Glenn Fallis produces North Canoes as a composite product. Because our background is in woodstrip construction and we wanted to offer these canoes as kits, we invited Bear Mountain Boat Shop to get involved. Bear Mountain helped popularize the construction of strip-built canoes sheathed in fiberglass cloth and epoxy, and are a resource to many home boatbuilders for boat building kits, plans, instructions, how-to videos and classes. Our version of these North Canoes employs woodstrip construction with epoxy.

In October 2102, Voyageur Canoes cut 12 sheets of 5/8”-thick high-density particleboard on a CNC machine to produce the station molds for this project. It took a long Saturday work session to assemble all the segments then attach them to a floor-mounted oval. We built three North Canoes in four different spaces (which is why the background scenery is inconsistent in the photos). The image below shows a black floor platform and a series of leveling bolts. The floor in this shop was not flat so we made and leveled this platform then assembled the floor oval and all the station molds.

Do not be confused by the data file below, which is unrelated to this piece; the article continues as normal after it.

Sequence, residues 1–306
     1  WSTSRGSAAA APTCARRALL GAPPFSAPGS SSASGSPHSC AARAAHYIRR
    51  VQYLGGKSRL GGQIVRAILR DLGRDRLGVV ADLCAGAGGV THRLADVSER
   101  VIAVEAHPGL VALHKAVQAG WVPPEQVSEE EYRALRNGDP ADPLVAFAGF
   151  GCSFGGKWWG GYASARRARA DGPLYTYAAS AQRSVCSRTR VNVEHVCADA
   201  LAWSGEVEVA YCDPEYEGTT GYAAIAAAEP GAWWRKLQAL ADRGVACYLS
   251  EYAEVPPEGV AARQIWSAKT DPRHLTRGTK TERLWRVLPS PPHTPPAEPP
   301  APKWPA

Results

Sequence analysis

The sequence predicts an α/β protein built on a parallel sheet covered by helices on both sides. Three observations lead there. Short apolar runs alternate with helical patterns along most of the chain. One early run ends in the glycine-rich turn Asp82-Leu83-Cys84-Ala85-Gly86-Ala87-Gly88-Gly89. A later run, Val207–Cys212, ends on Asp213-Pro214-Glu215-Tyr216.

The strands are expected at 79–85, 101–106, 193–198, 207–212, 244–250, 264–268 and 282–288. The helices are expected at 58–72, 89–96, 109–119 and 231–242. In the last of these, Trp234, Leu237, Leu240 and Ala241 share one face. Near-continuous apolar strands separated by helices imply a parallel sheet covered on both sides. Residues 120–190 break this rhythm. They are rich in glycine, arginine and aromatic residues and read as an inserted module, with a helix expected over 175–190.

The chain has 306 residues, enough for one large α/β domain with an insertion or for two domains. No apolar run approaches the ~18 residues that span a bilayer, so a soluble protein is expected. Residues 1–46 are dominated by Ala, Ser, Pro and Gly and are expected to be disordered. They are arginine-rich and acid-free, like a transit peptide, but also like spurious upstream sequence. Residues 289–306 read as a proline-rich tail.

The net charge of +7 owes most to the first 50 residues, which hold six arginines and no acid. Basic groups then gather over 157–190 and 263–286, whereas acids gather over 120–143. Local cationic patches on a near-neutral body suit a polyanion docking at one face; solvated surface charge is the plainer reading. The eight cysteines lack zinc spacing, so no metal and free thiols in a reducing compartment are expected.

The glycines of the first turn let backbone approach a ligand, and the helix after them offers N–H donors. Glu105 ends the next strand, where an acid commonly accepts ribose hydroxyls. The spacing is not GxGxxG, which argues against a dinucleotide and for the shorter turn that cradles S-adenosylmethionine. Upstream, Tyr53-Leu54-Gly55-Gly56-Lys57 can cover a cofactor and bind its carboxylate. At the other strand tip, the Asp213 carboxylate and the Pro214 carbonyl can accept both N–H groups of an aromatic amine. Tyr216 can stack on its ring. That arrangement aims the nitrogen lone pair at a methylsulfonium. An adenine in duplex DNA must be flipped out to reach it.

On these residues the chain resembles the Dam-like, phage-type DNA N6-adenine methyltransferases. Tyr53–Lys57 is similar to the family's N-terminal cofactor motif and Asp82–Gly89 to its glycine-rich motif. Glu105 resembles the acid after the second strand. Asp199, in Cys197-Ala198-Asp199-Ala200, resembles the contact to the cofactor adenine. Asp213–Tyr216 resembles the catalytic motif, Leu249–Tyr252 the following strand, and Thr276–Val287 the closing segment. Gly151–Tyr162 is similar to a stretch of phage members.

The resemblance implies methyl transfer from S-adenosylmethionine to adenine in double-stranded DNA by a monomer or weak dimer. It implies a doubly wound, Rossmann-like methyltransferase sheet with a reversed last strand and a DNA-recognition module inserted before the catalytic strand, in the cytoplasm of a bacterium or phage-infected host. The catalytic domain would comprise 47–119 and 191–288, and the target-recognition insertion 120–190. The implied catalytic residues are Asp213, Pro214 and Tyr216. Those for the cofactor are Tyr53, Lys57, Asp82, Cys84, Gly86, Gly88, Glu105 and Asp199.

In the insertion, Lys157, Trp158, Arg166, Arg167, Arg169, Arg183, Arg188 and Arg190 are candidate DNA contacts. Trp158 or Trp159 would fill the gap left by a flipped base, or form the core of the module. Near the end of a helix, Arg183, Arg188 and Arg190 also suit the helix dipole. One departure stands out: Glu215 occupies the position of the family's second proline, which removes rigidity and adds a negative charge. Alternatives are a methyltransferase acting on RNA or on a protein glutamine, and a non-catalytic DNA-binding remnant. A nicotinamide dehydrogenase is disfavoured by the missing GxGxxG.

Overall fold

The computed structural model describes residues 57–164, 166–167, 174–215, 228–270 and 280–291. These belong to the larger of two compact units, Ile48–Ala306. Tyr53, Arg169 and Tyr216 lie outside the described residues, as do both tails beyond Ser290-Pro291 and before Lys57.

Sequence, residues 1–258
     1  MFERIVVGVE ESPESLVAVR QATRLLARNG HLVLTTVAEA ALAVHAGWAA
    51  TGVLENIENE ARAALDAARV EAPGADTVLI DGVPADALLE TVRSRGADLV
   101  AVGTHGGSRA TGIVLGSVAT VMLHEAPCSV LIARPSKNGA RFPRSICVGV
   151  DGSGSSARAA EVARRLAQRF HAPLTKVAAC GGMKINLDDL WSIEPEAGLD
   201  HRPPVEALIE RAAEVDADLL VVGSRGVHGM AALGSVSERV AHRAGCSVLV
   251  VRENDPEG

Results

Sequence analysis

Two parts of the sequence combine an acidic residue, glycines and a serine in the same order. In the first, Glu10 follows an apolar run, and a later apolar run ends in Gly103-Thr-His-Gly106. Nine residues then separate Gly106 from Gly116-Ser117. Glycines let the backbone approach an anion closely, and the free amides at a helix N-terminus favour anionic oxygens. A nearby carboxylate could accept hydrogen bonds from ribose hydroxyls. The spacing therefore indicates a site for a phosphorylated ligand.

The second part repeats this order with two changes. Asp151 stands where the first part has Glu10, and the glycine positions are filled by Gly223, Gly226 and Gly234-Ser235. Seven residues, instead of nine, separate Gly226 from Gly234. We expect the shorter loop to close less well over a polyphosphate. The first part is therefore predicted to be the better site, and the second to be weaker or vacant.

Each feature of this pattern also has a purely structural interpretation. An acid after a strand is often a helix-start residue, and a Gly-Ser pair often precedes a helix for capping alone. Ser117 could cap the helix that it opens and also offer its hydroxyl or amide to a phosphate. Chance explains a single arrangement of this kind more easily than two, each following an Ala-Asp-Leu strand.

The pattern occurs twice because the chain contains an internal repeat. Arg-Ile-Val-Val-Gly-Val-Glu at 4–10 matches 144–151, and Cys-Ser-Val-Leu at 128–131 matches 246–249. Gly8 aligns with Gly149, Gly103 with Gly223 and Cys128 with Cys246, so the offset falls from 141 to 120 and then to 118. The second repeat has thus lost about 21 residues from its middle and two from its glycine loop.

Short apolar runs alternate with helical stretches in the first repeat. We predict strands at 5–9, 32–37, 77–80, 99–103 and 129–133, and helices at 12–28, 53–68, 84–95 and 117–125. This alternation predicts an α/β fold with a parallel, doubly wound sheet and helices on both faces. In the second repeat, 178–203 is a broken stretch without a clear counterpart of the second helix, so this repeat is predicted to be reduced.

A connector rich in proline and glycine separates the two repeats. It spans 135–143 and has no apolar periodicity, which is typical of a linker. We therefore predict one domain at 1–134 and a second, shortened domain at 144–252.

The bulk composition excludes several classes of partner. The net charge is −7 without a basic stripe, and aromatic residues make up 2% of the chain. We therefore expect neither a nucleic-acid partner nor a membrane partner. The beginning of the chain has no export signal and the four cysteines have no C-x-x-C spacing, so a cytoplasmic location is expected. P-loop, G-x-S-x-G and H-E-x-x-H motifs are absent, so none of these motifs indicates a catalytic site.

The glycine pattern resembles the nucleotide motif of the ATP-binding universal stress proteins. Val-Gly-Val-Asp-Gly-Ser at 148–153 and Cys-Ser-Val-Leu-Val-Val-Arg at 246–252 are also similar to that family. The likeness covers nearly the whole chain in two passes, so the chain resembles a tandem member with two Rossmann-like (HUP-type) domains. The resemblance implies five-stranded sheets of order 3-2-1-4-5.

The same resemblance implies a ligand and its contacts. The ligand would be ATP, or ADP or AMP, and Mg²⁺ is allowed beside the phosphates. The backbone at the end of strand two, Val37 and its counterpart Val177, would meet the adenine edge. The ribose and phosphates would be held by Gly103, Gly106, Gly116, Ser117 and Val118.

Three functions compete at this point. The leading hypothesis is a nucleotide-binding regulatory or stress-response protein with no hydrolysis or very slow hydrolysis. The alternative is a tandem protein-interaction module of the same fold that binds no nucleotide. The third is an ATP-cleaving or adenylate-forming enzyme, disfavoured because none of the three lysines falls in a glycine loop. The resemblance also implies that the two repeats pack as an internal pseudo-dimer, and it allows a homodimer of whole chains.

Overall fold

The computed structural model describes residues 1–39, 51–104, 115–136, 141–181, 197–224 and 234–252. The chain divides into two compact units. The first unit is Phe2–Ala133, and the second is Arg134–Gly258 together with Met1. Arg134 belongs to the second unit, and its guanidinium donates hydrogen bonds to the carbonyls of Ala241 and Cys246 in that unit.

High-density particle board ebing cut on a CNC machine to produce the station molds.

Station mold

Station assembled and leveled with leveling bolts (where indicated by white arrows).

Bending the stem pieces around the mold.

Strips being applied to the stem of the canoe.

One of the first tasks in woodstrip boat building is to use steam and muscle to bend the stem pieces around the stem stations. These canoes follow the same process, but there are many more laminations and heftier pieces.